While most people had assumed that Yisrael Beiteinu leader Avigdor Lieberman would eventually wind up in the camp of the Likud Party, it seems that a public snub by Likud and growing efforts by the Kadima Party may put him into the centrist party’s bloc.
“Bibi doesn’t have Lieberman,” according to Kadima member and Vice Premier Haim Ramon, and though other Kadima and Likud sources say Lieberman may end up not recommending either party on his Thursday meeting with President Peres, Kadima certainly seems to be the front-runner for his endorsement right now.
Things have been changing quickly in the coalition wrangling efforts since last week’s election, and could well change again in the next few days, but where Likud looked close to sewing up the third place Lieberman’s endorsement days ago, they now look quite distant.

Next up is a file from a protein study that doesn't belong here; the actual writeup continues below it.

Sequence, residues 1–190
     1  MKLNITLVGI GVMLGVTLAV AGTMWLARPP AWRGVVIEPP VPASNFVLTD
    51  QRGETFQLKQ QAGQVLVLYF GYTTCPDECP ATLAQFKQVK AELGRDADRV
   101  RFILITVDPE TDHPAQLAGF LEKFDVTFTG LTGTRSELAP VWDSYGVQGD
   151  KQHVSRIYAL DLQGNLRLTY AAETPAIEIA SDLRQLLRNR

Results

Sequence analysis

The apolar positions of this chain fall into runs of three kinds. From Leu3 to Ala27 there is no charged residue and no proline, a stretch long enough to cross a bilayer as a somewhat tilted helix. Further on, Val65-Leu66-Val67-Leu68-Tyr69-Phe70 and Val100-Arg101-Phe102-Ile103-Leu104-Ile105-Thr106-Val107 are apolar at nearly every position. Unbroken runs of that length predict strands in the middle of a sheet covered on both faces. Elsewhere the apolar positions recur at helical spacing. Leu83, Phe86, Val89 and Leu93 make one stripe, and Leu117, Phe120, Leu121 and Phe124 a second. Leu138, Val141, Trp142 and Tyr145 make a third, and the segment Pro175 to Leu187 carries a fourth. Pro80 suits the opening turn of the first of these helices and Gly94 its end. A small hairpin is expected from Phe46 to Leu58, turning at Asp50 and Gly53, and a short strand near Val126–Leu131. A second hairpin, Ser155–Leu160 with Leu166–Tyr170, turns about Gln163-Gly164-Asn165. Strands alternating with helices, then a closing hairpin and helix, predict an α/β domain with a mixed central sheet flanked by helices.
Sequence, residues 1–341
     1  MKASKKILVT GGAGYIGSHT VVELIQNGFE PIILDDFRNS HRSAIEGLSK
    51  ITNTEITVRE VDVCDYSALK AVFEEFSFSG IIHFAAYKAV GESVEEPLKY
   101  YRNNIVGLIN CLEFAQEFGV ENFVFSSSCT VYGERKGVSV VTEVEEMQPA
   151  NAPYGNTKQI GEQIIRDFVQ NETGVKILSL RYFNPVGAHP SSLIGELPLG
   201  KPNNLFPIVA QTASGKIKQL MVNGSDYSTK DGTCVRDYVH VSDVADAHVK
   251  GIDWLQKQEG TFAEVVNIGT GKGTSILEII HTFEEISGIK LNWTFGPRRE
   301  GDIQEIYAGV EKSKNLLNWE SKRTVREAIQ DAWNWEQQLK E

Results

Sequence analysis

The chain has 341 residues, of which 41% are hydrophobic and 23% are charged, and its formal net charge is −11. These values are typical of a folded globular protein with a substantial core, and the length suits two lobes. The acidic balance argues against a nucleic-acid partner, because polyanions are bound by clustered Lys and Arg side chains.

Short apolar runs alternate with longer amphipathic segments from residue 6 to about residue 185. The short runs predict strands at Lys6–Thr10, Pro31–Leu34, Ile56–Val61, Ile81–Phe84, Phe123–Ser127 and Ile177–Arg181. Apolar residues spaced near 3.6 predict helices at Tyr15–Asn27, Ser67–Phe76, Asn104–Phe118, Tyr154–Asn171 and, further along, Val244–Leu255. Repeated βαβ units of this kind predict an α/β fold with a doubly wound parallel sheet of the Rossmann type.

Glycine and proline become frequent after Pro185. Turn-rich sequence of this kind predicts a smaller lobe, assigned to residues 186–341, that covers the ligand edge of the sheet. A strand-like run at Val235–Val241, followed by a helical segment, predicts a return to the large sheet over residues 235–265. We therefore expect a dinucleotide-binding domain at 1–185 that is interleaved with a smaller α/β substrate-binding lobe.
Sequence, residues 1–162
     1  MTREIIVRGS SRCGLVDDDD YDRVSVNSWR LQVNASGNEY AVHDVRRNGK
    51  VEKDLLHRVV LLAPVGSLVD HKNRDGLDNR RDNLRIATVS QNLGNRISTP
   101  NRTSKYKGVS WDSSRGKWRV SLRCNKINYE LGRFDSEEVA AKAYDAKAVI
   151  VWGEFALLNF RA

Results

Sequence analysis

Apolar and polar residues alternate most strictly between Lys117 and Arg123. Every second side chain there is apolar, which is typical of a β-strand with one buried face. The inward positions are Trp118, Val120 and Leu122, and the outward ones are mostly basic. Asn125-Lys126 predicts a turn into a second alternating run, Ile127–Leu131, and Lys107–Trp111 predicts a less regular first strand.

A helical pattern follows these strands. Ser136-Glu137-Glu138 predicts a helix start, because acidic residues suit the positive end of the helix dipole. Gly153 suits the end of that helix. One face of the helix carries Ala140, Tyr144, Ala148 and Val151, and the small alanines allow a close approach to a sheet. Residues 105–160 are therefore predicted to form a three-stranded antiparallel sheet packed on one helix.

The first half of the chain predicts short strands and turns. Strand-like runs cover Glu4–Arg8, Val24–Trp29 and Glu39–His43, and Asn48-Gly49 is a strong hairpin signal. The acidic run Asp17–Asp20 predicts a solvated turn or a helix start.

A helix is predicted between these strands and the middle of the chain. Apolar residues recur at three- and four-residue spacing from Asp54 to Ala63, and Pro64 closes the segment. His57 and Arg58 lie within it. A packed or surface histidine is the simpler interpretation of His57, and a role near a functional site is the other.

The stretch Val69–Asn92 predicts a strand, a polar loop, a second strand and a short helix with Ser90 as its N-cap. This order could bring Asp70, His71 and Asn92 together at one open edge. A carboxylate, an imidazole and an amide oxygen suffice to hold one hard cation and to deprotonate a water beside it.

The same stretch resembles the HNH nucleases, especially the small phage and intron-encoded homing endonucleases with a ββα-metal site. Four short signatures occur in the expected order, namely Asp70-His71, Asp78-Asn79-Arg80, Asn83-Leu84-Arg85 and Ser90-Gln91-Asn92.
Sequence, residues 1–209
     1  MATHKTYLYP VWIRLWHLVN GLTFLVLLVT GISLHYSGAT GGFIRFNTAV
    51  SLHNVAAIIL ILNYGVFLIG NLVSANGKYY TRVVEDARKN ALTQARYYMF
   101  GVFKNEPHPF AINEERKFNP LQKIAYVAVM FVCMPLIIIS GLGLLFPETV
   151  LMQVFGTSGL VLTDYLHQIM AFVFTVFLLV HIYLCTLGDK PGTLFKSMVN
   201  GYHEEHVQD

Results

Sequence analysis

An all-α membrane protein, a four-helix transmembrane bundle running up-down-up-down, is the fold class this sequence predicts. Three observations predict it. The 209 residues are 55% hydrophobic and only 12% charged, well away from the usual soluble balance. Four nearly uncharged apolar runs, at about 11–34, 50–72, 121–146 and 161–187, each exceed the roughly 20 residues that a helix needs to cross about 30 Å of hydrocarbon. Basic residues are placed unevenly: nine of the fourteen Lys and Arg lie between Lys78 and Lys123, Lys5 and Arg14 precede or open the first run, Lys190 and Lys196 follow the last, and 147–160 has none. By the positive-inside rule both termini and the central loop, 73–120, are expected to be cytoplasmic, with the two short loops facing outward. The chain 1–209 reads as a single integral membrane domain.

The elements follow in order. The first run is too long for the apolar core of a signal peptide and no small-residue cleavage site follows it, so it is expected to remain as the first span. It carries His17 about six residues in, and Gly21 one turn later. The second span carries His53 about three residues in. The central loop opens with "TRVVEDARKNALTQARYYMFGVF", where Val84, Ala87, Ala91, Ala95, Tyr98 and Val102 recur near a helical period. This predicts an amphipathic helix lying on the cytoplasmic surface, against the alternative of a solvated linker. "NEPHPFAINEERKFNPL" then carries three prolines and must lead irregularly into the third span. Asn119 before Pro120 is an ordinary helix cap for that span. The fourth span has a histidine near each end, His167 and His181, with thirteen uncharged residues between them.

It started yesterday when Lieberman demanded to be given either the foreign ministry or defense ministry portfolio. Likud officials mocked the demands as “insolent“: and insisted that they had no obligation to give the party such a role. True enough, but with Kadima holding more seats than Likud and seemingly willing to give the controversial right-winger everything he wants, refusing to do so could cement the Kadima-Yisrael Beiteinu bloc as a center-right secularist faction, while Likud is left trying to piece together a coalition of religious factions to counter them.
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